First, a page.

A Lot Of Effort For A Pi Laptop

Building a Raspberry Pi laptop is not that uncommon. In fact, just a few clicks from any of the major electronics suppliers will have the parts needed for such a project speeding on their way to your house in no time at all. But [joekutz] holds the uncontroversial belief that the value in these parts has somewhat diminishing returns, so he struck out to build his own Pi laptop with a €4 DVD player screen and a whole lot of circuit wizardry to make his parts bin laptop work.

The major hurdle that he needed to overcome was how to power both the display and the Pi with the two small battery banks he had on hand. Getting 5V for the Pi was easy enough, but the display requires 8V so he added one lithium ion battery in series (with its own fuse) in order to reach the required voltage. This does make charging slightly difficult but he also has a unique four-pole break-before-make switch on hand which doesn’t exactly simplify things, but it does make the project function without the risk of short-circuiting any of the batteries he used.

The project also makes use of an interesting custom circuit which provides low voltage protection for that one lonely lithium battery as well. All in all it’s a master course in using some quality circuit-building skills and electrical theory to make do with on-hand parts (and some 3D printing) rather than simply buying one’s way out of a problem. And the end result is something that’s great for anything from watching movies to playing some retro games.

7 thoughts on “A Lot Of Effort For A Pi Laptop

  1. i can’t believe people put pis on batteries, given the thing is a heater even when it’s unloaded. there’s enough black box i don’t care to invest the effort to figure out why but it seems to me like the closed source firmware there probably keeps a bunch of stuff powered on that really should go into idle mode.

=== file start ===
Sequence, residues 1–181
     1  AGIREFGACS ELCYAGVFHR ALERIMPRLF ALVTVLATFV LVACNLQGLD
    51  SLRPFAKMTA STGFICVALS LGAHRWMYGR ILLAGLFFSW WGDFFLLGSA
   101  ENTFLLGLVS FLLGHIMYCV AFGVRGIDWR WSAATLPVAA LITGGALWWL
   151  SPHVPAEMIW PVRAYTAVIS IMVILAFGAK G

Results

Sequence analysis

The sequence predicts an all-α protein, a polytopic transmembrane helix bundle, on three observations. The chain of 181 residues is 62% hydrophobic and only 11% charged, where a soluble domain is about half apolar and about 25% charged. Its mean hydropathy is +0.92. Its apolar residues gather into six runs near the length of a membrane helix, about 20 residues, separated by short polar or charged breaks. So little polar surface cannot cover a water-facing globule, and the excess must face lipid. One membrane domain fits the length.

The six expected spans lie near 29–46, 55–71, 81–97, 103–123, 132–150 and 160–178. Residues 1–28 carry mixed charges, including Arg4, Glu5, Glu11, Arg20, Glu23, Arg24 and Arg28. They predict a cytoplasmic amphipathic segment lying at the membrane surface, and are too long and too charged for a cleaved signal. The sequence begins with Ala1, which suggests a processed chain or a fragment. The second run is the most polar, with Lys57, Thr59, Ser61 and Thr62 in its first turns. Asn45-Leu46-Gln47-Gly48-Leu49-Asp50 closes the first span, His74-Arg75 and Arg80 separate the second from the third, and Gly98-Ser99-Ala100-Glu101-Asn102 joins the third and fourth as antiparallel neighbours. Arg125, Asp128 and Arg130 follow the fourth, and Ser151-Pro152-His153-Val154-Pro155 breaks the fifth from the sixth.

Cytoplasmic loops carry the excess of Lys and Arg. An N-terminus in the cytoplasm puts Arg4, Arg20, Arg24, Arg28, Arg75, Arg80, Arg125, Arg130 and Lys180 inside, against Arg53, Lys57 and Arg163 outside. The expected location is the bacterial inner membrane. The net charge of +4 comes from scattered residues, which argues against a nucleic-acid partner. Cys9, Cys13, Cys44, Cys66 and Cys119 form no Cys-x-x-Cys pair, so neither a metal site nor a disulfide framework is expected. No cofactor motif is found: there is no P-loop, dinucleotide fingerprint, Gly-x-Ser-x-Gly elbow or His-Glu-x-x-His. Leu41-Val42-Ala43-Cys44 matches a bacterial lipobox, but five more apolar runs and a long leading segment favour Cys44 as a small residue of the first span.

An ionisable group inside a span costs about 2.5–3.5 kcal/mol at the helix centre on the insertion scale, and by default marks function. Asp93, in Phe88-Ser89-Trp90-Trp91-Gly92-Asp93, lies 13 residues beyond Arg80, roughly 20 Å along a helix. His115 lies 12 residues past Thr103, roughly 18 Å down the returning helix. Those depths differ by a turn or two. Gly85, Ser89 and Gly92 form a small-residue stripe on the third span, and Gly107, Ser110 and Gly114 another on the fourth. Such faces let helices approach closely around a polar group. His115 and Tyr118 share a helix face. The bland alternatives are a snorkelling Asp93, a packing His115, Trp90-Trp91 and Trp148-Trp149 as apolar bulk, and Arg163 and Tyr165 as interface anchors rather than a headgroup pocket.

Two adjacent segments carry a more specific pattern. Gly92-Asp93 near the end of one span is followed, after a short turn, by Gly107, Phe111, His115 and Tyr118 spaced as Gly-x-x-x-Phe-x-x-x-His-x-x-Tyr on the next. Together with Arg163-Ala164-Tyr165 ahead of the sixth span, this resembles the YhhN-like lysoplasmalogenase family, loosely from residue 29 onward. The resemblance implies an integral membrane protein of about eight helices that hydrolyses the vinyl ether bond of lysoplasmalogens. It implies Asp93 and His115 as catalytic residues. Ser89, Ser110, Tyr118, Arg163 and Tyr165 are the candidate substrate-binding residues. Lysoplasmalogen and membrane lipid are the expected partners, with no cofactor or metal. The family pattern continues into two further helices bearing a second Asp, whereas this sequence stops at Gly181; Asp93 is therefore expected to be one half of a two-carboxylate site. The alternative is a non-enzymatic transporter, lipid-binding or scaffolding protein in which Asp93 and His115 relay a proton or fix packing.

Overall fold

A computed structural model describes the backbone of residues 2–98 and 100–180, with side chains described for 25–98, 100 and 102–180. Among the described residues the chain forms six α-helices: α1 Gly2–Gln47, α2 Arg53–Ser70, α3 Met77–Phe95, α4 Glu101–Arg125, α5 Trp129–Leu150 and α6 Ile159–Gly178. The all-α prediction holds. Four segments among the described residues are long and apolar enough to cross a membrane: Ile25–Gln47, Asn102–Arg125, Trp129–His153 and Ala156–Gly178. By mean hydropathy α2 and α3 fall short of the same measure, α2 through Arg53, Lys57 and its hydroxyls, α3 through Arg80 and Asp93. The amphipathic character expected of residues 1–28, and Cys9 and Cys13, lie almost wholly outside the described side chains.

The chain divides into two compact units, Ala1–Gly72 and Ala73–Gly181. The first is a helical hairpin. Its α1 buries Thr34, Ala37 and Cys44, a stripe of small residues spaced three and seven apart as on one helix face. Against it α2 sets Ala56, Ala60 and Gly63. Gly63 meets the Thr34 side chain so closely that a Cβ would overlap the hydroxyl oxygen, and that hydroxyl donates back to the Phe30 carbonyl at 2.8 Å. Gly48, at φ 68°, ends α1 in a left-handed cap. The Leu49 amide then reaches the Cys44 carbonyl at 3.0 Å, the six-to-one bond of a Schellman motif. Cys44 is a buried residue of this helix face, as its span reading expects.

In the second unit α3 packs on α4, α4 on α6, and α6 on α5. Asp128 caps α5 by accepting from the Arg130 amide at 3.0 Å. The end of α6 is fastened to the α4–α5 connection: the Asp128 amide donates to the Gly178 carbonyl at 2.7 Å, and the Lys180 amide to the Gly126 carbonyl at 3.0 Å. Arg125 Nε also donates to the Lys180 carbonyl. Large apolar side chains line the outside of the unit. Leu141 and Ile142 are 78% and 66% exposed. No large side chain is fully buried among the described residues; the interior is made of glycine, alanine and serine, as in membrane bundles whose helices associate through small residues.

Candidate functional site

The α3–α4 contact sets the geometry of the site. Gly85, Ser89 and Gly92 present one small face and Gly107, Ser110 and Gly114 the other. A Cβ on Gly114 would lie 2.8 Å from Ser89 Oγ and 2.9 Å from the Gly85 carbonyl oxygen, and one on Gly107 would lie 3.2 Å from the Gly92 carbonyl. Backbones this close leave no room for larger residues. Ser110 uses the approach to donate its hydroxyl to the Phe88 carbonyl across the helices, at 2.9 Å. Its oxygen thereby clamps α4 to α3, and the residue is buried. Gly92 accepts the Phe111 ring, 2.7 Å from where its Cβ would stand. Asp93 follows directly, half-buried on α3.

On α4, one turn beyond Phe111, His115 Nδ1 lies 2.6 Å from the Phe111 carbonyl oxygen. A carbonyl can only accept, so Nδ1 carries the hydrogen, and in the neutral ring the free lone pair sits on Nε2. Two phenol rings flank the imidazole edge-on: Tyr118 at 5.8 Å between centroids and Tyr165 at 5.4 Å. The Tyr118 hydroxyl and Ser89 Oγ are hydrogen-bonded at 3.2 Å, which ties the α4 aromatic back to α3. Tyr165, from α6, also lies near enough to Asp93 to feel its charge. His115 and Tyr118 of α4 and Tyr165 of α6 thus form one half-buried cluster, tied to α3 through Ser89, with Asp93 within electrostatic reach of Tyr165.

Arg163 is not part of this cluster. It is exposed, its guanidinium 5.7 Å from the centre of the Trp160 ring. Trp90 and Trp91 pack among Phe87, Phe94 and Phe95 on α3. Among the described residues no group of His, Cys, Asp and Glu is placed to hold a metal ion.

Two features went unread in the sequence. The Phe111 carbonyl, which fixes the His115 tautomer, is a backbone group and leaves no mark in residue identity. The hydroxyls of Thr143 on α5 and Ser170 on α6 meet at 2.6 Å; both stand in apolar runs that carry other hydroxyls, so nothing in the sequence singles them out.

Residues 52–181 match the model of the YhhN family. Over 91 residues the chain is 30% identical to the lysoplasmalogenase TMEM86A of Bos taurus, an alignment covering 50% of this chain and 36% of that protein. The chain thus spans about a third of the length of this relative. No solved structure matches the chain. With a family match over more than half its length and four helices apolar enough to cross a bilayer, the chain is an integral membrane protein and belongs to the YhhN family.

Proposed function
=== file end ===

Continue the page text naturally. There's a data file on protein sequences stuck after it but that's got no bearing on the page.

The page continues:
1. Well, before the Raspberry Pi if you wanted to do this you would have to either hack a router or buy a PC-104 board. If you went the PC-104 route you likely only ended up with a 486 class processor unless you had piles of cash to burn. Then you might have managed a 586.

      Now there are plenty of Raspberry Pi competition wannabes but most are just as proprietary or worse and they don’t have the same level of community support. I’m frustrated that I can’t get anything newer than Jessie on my Banana Pi but it’s still the only thing in my target price range with a SATA port.

    2. Agreed, actually. Indeed, the Pi eats about 3W doing nothing, while running e.g. scummVM does not seem to add much more. But I have never said that this project makes a lot of sense. Is is (like most of my projects) mainly a proof of concept. But two hours battery runtime make it at least couch-usable :)

        1. I measured one of my Pi 4s running chromium, no video, just a plain text page and it drew 750mA. It was easy to make it increase from there, but I didn’t take any notes, and it’s been months ago, so I don’t remember how high I got it.

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